Why Isn’t Plastic Sustainable?
Plastics are a lightweight, durable, and mouldable product of human innovation. Unfortunately, this innovation has come at a steep price. Plastic products and packaging often end up in landfills and the ocean, negatively impacting our ecosystem. Of the billions of tonnes of plastic produced so far, roughly 80% has ended up in landfills due to a lack of political infrastructure and human error. At Change Plastic for Good, we know there are many reasons why plastic isn’t sustainable as it is right now. That’s why we have started a movement to change plastic and make it sustainable through the addition of BDP®. We also strive to educate viewers about various elements of plastic sustainability. That is why we have compiled a list of 3 reasons why plastic is not currently sustainable and why this needs to change.
3 Reasons Why Plastic is Not Sustainable
Plastic is not currently sustainable due to the following reasons:
1. Sourced from Fossil Fuels
Plastic is manufactured from synthetic materials derived from fossil fuels. The process used to make plastic increases the demand for petroleum-based products and further increases our dependence on these non-renewable resources. Packaging made from petroleum-based materials does not degrade naturally, remaining intact for hundreds of years while taking up massive amounts of space in landfills. By 2050, is it estimated that roughly 12 billion tonnes of plastic waste will be sitting in landfills, floating in the ocean, or otherwise polluting the environment. For context, this number stood at around 4.9 billion tonnes in 2015.
2. Plastic Products Contain Harmful Chemicals
Plastic products can include the use of plasticizers (chemical softening agents), benzene, styrene, and Bisphenol A (BPA), all of which are toxic to human health and wildlife. While environmental regulations around the world have reduced the number of toxic components used in the manufacturing process, the fact remains that the chemicals currently used can pose a significant hazard for both the environment and the consumers who use the products.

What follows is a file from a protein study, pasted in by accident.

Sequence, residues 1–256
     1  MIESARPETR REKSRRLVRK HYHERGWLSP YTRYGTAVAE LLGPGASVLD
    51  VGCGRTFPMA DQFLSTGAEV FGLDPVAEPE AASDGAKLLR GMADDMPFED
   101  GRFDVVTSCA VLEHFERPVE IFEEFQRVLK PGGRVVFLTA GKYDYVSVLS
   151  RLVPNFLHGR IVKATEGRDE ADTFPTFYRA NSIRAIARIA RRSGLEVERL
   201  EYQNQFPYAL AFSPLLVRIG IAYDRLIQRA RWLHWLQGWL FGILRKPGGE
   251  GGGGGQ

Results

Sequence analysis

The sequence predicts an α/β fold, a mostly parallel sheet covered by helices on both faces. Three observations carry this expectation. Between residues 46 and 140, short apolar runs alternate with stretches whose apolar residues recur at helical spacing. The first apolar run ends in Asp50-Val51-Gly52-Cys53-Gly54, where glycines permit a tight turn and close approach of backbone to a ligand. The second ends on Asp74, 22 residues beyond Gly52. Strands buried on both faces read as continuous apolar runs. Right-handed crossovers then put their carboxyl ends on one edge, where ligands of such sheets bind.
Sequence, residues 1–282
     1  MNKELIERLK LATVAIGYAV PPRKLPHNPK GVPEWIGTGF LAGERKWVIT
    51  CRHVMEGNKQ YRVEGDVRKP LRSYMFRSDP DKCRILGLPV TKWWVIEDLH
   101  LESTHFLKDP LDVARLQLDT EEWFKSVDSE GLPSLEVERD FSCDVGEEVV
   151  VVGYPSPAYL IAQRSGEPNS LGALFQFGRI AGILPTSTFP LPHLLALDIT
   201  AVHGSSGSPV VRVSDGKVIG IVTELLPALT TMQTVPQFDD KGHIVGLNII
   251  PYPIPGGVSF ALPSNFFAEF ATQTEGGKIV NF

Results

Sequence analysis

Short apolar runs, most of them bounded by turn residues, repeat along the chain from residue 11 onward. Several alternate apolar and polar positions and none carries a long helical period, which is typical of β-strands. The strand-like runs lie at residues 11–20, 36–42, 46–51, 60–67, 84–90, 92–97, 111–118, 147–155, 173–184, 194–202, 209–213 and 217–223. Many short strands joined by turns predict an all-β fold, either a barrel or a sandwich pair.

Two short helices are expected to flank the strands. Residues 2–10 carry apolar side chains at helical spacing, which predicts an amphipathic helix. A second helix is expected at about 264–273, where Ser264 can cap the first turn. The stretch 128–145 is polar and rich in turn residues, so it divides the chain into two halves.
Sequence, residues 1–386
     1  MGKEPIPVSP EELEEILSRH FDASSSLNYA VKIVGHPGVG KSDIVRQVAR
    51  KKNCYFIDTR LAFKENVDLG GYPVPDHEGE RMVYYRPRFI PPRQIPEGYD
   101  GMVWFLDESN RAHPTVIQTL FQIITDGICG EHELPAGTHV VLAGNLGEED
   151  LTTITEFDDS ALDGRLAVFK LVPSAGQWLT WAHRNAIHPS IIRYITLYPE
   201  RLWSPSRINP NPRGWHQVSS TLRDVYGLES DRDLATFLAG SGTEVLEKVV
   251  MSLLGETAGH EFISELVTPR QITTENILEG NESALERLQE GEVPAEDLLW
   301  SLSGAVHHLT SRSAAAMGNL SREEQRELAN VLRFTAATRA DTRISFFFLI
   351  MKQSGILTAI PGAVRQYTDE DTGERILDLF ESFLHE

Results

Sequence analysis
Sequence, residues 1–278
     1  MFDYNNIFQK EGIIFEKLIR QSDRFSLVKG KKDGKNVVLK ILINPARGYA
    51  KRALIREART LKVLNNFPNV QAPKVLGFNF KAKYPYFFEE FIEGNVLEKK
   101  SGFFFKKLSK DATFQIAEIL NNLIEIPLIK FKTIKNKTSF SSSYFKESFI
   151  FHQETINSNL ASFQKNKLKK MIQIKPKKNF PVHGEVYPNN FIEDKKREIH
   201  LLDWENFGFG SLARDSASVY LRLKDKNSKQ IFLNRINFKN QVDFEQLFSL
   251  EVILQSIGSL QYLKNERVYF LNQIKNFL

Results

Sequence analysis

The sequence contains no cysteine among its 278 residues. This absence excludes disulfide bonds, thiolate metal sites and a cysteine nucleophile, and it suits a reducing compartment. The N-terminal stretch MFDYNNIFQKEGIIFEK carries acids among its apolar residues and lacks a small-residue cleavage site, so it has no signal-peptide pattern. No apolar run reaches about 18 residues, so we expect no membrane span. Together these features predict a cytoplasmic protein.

3. Recycling is Expensive and too Prone to User Error
Recycling is a great process and solution for plastic sustainability in theory. The unfortunate reality is that recycling is simply too expensive and too prone to user error to make a significant difference. Everyone occasionally throws a plastic container in the garbage even if they don’t mean to. This plastic then ends up in a landfill due to a momentary lapse in judgement. Now, multiply this single lapse in judgement by the population of North America, Europe, and Asia, and you’ll start to see why this is a problem. In addition to human error, recycling is often more expensive than people think. The energy required to transport and recycle certain plastics often exceeds the cost to make these products in the first place. This leads to millions of food packaging containers and other plastic goods being sent to landfills each year even if they were placed in a recycling bin.
To learn more about the movement or the science behind BDP, get in touch with the team at Change Plastic for Good. We can be reached through our online contact form and will be happy to answer any questions you may have about plastic sustainability or partnering with us.